'Tighter gun laws could have prevented my dad's death'

Alpha Cheng at his father's funeral (Photo by Sam Ruttyn-Pool) Source: Getty Images

It is time for another amnesty on firearms, writes Alpha Cheng, and for all parties to come together in making society safer.

Twenty years ago my father and I moved to Australia from Hong Kong. We lived in a room above his small business in Eastwood. Coincidentally, this was in John Howard’s electorate of Bennelong. My biggest concern at that time was whether or not I’d make new friends and fit in. I distinctly remember watching the Port Arthur Massacre unfold that same year. I never expected to be sharing the same forum with survivors 20 years later.

One of the survivors of Port Arthur, Carolyn Loughton, sat next to me on Insight. I was stunned and horrified as she recounted how the events unfolded: how Martin Bryant walked into the cafe with an oversized sports bag during a busy lunch session; how he proceeded to shoot his victims in quick succession with a semi-automatic rifle; how she was shot as she threw herself over her daughter, Sarah, only realising later in the hospital that Sarah had been fatally shot in the back of her head.

This was a chilling precursor to my story. On October 2 last year, as my dad was leaving work, a 15-year old boy walked up and shot him in the back of the head.

Carolyn and I are living testaments to the terrible tragedies that occur when guns end up in the wrong hands. There is widespread belief that the gun control measures introduced post-Port Arthur largely eradicated illegal guns in Australia. I certainly believed that our gun policies would have prevented a 15-year old from illegally accessing a .38 Smith & Wesson revolver. This was clearly not the case.

The Australian Institute of Criminology estimates that on the illicit market there are about 250,000 long arms, such as rifles and shotguns, in circulation and 10,000 illegal handguns. The AIC conducted the National Firearm Theft Monitoring Program from 2004-05 to 2008-09 and the average number of firearms reported stolen per year was 1545. This statistic is alarming and it highlights for me the gaps in our current approach. More needs to be done.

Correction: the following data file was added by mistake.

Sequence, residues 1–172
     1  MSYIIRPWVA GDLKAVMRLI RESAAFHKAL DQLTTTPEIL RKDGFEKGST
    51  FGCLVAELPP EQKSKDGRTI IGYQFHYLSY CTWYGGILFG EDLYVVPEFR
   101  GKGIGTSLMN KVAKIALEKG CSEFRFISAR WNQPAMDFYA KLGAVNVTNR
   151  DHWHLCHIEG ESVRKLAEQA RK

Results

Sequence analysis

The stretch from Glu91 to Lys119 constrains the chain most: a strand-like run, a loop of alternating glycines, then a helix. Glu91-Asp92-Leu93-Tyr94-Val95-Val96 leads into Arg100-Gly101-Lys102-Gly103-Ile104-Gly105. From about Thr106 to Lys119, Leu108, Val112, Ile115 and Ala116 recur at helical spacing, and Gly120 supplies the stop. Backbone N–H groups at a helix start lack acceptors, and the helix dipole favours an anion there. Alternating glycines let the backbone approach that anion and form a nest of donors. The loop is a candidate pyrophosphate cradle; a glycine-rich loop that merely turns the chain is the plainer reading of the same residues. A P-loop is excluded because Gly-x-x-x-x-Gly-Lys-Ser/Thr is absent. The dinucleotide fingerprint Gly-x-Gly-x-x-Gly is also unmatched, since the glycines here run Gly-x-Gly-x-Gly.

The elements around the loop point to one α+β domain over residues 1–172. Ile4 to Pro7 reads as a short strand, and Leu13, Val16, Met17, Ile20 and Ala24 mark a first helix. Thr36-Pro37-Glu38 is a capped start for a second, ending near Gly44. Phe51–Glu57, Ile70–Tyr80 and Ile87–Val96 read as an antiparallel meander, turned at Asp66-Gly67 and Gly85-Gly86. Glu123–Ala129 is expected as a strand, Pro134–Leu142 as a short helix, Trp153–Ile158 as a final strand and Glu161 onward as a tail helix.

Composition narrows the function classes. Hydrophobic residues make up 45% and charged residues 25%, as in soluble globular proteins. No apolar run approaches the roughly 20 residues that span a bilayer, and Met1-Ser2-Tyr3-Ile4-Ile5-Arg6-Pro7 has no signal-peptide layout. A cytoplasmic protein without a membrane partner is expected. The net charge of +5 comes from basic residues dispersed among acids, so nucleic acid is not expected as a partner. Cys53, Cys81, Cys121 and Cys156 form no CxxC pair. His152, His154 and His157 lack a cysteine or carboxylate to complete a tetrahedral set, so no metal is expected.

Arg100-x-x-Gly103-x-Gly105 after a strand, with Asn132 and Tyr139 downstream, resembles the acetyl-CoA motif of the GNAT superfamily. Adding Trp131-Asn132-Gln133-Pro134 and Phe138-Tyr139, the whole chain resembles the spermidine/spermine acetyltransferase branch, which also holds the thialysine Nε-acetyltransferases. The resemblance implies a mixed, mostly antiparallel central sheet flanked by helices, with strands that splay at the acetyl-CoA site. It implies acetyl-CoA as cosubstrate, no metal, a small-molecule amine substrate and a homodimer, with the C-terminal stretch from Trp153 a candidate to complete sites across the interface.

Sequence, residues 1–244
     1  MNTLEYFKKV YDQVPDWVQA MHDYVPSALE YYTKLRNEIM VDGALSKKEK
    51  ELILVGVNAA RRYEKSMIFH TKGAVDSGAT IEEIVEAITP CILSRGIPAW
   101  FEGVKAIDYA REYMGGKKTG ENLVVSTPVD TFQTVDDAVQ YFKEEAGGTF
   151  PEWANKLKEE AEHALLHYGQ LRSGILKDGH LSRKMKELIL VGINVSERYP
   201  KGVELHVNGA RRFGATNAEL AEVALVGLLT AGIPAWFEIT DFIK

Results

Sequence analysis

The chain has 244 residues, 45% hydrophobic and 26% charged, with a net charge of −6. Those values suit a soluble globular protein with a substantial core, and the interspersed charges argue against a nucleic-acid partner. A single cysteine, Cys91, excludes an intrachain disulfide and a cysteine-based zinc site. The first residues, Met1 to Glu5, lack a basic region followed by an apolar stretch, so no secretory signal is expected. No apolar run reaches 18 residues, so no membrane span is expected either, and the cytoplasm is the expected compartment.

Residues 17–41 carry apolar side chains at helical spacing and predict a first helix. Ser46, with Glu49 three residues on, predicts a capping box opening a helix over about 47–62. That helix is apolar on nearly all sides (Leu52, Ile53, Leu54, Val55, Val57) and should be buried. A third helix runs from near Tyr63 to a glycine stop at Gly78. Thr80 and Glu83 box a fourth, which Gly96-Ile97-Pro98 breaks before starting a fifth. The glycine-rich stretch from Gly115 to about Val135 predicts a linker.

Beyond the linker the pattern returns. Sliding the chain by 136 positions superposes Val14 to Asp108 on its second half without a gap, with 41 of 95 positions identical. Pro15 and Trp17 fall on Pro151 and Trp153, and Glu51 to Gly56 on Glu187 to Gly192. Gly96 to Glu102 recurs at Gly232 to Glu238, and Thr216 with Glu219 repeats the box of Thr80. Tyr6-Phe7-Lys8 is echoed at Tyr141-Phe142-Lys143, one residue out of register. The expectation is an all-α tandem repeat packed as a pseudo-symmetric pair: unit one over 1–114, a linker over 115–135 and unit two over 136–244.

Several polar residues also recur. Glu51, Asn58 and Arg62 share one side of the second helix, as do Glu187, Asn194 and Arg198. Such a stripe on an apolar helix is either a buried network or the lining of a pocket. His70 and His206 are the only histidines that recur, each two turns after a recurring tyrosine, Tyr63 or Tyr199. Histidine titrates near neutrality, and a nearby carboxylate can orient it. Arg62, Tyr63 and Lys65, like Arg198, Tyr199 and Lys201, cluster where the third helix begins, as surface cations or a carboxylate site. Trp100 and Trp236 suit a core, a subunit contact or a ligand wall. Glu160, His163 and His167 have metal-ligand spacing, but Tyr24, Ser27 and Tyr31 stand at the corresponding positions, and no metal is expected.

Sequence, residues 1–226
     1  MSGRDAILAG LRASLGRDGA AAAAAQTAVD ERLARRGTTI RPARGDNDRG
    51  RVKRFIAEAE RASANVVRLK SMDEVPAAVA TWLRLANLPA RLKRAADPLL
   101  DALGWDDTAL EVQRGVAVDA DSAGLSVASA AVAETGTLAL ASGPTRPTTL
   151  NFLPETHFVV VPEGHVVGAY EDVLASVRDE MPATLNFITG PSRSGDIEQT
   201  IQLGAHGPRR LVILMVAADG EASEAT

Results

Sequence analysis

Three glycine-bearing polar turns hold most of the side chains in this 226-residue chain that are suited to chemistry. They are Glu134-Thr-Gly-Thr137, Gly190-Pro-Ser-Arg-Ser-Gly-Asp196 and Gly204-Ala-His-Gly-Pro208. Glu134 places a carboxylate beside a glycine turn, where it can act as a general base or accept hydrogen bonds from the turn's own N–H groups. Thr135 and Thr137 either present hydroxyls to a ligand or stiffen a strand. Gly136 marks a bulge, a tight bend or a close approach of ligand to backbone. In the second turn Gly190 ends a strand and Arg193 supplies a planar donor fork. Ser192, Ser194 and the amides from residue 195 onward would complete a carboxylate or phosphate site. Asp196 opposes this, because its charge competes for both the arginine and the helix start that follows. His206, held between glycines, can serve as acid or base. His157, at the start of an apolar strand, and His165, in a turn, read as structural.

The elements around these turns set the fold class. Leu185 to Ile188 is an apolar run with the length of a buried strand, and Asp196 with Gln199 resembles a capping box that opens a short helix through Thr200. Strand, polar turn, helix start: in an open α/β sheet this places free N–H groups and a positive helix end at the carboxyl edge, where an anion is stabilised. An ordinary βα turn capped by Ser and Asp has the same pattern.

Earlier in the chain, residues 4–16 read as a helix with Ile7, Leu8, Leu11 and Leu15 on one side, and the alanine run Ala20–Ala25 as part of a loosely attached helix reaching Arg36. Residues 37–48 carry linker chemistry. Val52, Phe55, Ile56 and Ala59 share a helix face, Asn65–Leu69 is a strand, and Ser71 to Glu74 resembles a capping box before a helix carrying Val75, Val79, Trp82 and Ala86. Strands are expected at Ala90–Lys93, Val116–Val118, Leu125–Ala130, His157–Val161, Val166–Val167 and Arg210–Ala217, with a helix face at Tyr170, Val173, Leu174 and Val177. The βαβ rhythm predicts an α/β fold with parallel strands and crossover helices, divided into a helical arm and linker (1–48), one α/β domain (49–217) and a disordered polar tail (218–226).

Firstly, there needs to be fewer guns. During the Insight forum, I asked John Howard whether he thought it was time for another national amnesty on guns, firearms and weapons, especially unregistered and illegally obtained weapons. He agreed.  Indeed, this was one of the few points that appeared to have unanimous support from both anti- and pro-gun sides of the audience.

The pro-gun members of the audience challenged my preconceptions. I had never met a gun supporter or a licensed shooter before the program. After hearing their perspective, I acknowledge the need for pragmatic gun laws for recreational users, sport shooters and people living on the land. However, this should not, and I believe it does not, contradict the need for tightening gun policy to prevent guns from being obtained illegally or for illegal means.

Preventative measures, such as thorough background checks and access to mental health records need to be consistent across the nation. For law abiding users, the checks and balances must be of the highest standard as a gun is a device that, although has recreational and occupational utility, also has the potential to kill in the wrong hands.

The current limitations on semi-automatic and rapid-fire firearms need to be reviewed. Current loopholes need to be tightened, so that rapid-fire lever action weapons are listed under the most restrictive category, category C. This includes the Adler lever action shotgun, which is currently undergoing a legalisation review for importation. It can shoot seven cartridges in seven seconds. At present, if legalised, it would be listed in the least restrictive category, category A. I have not heard any persuasive reason why any civilian, sport shooters and farmers included, would need such a rapid-fire weapon.

Any loosening of current restrictions would be a grave mistake.

Reactive measures include more law enforcement surveillance, and efforts to reduce the access of guns on the black market. As I see it, no harm would come from tougher powers to search and seize firearms from criminals, their associates and at-risk individuals suffering from certain psychological conditions or have a history of violence. By logical extension, tougher penalties for the possession of illegal weapons and gun-related crimes would communicate that Australia has zero-tolerance for gun violence.  

Any loosening of current restrictions would be a grave mistake.

We hear a lot about personal freedom in this debate and I believe that the freedoms we have in Australia are precious. The freedom to be able to walk where you want and not fear for your safety: that is our right as Australians. It is now the responsibility of decision makers to maintain and protect this. It is time for another amnesty on firearms and it is time for all parties to come together, show some collective courage to put aside differences to create a safer and more harmonious country for all.  


Alpha Cheng is a guest on Insight's show on gun control in Australia | Catch up online now:

A version of this article originally appeared in Fairfax publications. 

Stay up to date with SBS NEWS

  • App
  • Subscribe
  • Follow
  • Listen
  • Watch